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<p>Dido as seen at the BBC Children in Need show</p>

Dido as seen at the BBC Children in Need show

Credit: Jon Furniss/Invision for BBC Children in Need/AP Images

Interview: Dido on her greatest hits and becoming a free agent

Done with her record contract, she looks ahead

Following the release of her best-of collection this week on RCA, Dido is officially out of her record contract and a free agent.

“I’m like an overexcited kid,” the British singer/songwriter tells HitFix. “I have so many ideas. ‘I can do this, I can do that.’ I’m like ‘take a breath’.”

More about what’s next for Dido a little later, but first she spent a few minutes looking back with us over her nearly 15-year career covered on “Greatest Hits,” a compilation of all her singles from her 1999 debut, “ No Angel,” on. Among the selections are “Here With Me,” “Thank You,” “White Flag,” “Life for Rent,” and Eminem’s “Stan,” which samples “Thank You,” and helped catapult Dido to stardom.

She listened to the album from start to finish while mastering the project. “It was this crazy, emotional 15-year diary in an hour,” she says. “When you write a song, you’re so clear about where you were and what you were feeling, even more so than when I see a picture. I have such clear memories.”

As often happens, the songs take different meaning and shapes as life progresses. “Everything to Lose,” originally featured on the 2010 “Sex and the City 2” soundtrack, “is probably more relevant now,” Dido says. “When you do finally really fall in love, having a kid, and having the fear” of losing it all.

Indeed, the birth of her son in 2011 has changed the prism through which she views life. “I’m a more emotional person since having Stanley. I was never the big cry person. Now I’ll be in the cinema and I start crying. I was crying at ‘Philomena’ 10 minutes in. My husband was like, ‘Are you alright?’ So any of these songs that are emotional, I feel it all bigger because of Stanley. It opens up a part of you.”

The collection includes a new track, “NYC.” Though written recently, it is about an era, pre-1999, when everything was still possible for her, including failure. “It’s about a time back at the very beginning when I came to New York City with the words of my brother ringing in my head: ‘This is probably not going to happen for you, but good luck’.”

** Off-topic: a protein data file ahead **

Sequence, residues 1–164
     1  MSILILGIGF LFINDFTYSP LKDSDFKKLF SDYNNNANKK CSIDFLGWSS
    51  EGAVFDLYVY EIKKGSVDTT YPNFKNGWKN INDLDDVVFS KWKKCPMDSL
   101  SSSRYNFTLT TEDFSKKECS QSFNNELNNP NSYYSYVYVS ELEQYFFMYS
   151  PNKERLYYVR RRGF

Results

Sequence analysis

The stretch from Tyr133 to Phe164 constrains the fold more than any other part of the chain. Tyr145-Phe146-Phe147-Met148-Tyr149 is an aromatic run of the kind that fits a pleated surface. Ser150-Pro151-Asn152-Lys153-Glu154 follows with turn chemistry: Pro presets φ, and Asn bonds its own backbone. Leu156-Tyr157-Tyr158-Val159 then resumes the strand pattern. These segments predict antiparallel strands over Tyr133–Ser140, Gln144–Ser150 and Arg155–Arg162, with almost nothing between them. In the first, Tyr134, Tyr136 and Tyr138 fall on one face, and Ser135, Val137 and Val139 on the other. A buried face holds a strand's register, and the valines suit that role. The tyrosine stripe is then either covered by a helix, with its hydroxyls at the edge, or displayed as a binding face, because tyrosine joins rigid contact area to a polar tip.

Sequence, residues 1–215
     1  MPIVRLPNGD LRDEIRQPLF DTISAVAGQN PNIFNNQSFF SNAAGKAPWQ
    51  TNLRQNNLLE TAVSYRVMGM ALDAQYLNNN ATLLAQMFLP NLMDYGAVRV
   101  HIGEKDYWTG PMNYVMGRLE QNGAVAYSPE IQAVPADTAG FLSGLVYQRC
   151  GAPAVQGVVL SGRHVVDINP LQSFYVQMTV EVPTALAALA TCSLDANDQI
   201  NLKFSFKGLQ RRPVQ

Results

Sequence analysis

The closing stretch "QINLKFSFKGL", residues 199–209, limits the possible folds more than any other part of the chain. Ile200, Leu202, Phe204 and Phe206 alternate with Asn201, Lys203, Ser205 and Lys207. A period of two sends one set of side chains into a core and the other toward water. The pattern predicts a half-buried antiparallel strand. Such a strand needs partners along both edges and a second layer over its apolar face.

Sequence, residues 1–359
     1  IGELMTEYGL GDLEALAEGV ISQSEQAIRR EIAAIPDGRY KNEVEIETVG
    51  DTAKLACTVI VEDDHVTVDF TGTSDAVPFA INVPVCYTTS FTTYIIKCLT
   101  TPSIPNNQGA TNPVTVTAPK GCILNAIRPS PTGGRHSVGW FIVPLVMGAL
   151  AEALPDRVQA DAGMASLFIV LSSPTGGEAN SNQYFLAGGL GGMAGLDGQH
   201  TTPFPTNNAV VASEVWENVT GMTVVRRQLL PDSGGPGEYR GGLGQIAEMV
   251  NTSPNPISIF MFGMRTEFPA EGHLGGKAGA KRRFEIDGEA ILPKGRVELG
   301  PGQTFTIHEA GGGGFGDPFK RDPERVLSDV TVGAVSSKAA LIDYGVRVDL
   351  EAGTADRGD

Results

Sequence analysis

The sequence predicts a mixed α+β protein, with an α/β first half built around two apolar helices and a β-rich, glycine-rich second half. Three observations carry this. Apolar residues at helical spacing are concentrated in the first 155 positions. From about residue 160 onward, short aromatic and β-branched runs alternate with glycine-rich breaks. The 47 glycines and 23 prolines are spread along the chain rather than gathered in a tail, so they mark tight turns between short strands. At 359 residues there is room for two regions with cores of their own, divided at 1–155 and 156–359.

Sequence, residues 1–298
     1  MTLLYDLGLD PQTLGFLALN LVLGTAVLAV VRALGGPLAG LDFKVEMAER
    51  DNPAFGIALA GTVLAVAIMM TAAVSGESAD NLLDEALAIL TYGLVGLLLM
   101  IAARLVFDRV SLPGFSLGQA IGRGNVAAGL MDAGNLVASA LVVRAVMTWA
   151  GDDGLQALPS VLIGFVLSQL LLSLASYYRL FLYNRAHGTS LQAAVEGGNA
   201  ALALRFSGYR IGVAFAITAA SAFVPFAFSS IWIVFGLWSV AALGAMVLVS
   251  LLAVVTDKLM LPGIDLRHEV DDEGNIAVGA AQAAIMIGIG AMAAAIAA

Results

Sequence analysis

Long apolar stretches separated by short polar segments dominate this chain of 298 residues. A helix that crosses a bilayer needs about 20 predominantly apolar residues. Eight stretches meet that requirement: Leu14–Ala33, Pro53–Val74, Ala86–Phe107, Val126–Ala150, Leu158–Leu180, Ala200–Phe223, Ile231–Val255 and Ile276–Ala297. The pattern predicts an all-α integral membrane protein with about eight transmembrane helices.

Even after all her success —she’s sold more than 30 million albums worldwide and garnered an Oscar nod for “If I Rise” from “127 Hours”—the uncertainty remains. And she’s fine with that. “I’m still unsure of where the road ahead goes,” she says. “I’ll always be that person. I feel more comfortable not knowing. I crave those feelings. There’s room for magic to happen.”

While being without a record contract would strike fear in some, for Dido, it strikes a sense of possibility where music dictates every decision. “You can just put music out. For me that’s extremely exciting,” she says. “Sometimes [on a label] I feel like you make things and you have to wait for ages and you just play this big waiting game. Now, you can do this project here and that project there. It’s dictated by what you’re doing creatively.”

She’s coy about what’s next as she has material now that is taking her in two “extremely different ways,” and she hasn’t chosen which path to take yet. “It all becomes about the music and that’s the world I live in.”

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"The Real Housewives of Beverly Hills"

 "The Real Housewives of Beverly Hills"

Credit: Bravo

'Real Housewives of Beverly Hills' recap: Is a lesbian affair afoot?

Brandi and Carlton seem to be getting closer

It was bound to happen sooner or later on "The Real Housewives of Beverly Hills." After all, these society matrons couldn't possibly be working so hard at self-maintenance strictly for the amusement of their husbands. It was about time a few of the gals found a romantic spark with someone who could truly appreciate their designer clothes, handbags, and face-freezing Botox. C'mon, guys don't get Hermes! Short of making out with a mirror, the next best thing? Another Housewife, of course! 

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<p>Oprah Winfrey in her &quot;Making a Scene&quot; short.</p>

Oprah Winfrey in her "Making a Scene" short.

Credit: New York Times

Roundup: NYT's short film project, starring Oprah, Cate Blanchett and more

Also: Animal abuse in Hollywood, and a whole lotta Emma Thompson in conversation

By far the coolest thing on the internet was the New York Times' Making a Scene project, in which 11 of the year's most celebrated actors -- ranging from Cate Blanchett to Oprah Winfrey, Adele Exarchopoulos to Robert Redford -- perform in individual short films directed by Oscar-winning cinematographer (and Steven Spielberg's right-hand man) Janusz Kaminski. "Short" is the operative word: advertisement-like in length and style, they're not exactly deep, but they're a lot of fun, whether it's Oprah channelling her inner torch diva or Bradley Cooper doing some rain ballet, all to stray strands of dialogue from the likes of Seth Rogen and Spike Jonze. Have fun. [New York Times]

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<p>&quot;Breaking Bad&quot;</p>